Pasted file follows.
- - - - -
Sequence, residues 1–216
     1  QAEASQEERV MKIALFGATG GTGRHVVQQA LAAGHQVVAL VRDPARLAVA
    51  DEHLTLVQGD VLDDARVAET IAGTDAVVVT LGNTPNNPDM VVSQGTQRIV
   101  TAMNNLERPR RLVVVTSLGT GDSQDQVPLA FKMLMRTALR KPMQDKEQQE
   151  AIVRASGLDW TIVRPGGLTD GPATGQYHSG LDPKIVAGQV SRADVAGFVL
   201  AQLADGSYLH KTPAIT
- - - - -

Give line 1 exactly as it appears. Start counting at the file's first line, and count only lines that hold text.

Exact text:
Sequence, residues 1–216